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Fragmentation pf the Volga river over the last 60 years Fragmentation pf the Volga river over the last 60 years
The construction of several dams along spawning rivers (mainly the Volga River) significantly altered water flows and destroyed about 90 per cent of the sturgeon’s spawning grounds (UNEP/GRID-Arendal 2006).
17 Oct 2013 - by GRID-Arendal
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Freshwater availability per capita in Zambezi River Basin countries Freshwater availability per capita in Zambezi River Basin countries
The water flow in the Zambezi river is estimated at 3 600 cu m per second. This represents about 87 mm/year of equivalent rainfall and less than 10 per cent of the average rainfall in the basin (Shela 2000). The average annual rainfall in the basin is about 950 mm/year (Mitchell 2004), but is unevenly distributed across the basin. The southern and western parts of the basin receive less rainfall than the northern and eastern parts. The more den...
14 Oct 2013 - by GRID-Arendal
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Urban Population in Zambezi River Basin States Urban Population in Zambezi River Basin States
Zambezi River Basin countries share similar settlement patterns characterized by both low and high densities. While the basin is largely rural, urbanization rates are high. In Botswana and Angola, urban population constitute more than 60 per cent (SADC and SARDC 2008), and is projected to exceed 80 per cent by 2050 (UNHABITAT 2010). At just more than 25 per cent (UN-HABITAT 2010), Malawi is the least urbanized country in the basin, and yet the mo...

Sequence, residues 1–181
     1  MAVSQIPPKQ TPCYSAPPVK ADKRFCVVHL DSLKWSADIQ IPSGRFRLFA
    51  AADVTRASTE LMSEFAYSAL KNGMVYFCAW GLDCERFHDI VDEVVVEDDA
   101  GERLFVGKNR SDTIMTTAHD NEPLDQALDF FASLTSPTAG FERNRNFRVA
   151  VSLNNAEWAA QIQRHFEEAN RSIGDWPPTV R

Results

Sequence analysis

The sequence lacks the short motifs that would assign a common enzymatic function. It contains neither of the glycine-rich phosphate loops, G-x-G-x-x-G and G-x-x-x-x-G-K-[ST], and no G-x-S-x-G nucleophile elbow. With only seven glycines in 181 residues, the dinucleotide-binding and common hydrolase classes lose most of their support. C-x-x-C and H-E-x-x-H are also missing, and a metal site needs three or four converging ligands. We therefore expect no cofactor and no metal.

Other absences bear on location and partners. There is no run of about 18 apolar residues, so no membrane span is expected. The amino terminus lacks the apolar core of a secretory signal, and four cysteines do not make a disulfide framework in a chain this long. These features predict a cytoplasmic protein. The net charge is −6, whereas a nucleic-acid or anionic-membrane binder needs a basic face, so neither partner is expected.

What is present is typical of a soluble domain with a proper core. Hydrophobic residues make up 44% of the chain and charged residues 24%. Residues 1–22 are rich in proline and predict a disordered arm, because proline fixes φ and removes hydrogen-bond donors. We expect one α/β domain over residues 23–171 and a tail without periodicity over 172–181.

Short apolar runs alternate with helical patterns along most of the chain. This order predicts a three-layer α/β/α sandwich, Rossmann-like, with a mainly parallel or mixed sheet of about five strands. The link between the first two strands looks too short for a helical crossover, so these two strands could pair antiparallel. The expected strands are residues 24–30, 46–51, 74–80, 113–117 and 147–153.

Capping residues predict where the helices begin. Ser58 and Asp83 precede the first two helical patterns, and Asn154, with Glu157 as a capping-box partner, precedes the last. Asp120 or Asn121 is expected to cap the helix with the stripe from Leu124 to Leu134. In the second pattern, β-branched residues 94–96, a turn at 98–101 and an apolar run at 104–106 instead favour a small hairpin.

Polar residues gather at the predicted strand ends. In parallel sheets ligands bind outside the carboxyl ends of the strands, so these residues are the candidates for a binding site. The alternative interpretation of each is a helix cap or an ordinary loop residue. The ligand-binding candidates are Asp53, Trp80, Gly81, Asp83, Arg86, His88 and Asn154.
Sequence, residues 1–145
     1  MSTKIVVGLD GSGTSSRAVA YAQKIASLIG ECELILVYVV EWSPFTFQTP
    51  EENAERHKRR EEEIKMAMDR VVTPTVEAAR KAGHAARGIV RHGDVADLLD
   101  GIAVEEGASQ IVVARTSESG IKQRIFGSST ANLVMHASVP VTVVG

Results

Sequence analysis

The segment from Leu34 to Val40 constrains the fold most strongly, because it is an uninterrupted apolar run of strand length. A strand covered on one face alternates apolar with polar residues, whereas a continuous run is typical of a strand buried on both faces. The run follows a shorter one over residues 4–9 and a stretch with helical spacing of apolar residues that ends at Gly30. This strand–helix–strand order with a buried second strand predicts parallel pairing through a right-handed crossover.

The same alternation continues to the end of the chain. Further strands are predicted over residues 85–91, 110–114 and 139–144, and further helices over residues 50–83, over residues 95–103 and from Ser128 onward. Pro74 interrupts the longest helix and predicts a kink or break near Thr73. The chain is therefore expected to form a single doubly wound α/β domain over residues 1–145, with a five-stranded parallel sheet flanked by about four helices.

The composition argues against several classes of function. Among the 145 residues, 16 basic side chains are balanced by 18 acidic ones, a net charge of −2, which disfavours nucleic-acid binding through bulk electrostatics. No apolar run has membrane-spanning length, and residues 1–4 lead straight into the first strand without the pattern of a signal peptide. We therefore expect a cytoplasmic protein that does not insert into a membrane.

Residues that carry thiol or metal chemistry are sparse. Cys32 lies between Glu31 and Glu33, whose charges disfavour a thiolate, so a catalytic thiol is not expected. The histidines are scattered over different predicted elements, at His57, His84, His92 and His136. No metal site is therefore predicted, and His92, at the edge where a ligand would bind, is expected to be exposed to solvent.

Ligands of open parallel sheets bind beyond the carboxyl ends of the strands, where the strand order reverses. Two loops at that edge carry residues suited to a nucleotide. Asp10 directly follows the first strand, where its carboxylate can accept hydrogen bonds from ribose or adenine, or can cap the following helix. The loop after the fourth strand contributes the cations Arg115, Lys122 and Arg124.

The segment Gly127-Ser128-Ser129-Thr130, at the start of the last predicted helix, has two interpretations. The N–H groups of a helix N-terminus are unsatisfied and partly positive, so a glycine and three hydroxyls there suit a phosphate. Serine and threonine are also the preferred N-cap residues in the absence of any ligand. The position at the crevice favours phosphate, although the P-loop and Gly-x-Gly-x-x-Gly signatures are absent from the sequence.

14 Oct 2013 - by GRID-Arendal
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Zambezi River runoff Zambezi River runoff
A major impact of the construction of the Kariba and Cahora Bassa dams from 1950–1970 was the reduction in the Zambezi River runoff. Before the dam construction, the Zambezi River was torrential with high flows during the wet season from November to March and relatively low flows in the dry season from April to October. On average, the river discharged 60 to 80 per cent of its mean annual flow during wet season. Since the dams were built, the w...
14 Oct 2013 - by GRID-Arendal
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Population distribution in the Zambezi River Basin Population distribution in the Zambezi River Basin
Population distribution is uneven in the basin, with large areas uninhabited and reserved for wildlife. In 1998, the average population density in the basin was 24 people per sq km, and this increased to 28.75 people per sq km in 2005 before reaching 30.26 people per sq km in 2008 (Chenje 2000; SARDC and HBS 2010). There are disparities in population densities between countries in the basin, with Malawi being the most densely populated country. I...
14 Oct 2013 - by GRID-Arendal
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Popoulation density increasing, per capita land area shrinking in Zambezi River Basin Popoulation density increasing, per capita land area shrinking in Zambezi River Basin
The population of the Zambezi River Basin grew from 31.7 million in 1998 to 38.4 million in 2005, before reaching 40 million in 2008. It is projected that by 2025 the population will reach 51 million (Chenje 2000; SADC and ZRA 2007; SARDC and HBS 2010). Although sparsely populated, average population densities in the basin show a consistent shrinkage in per capita land availability, which is projected to decline to 2.56 hectares/ person in 2025 ...
14 Oct 2013 - by GRID-Arendal
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Forest cover in Zambezi basin countries Forest cover in Zambezi basin countries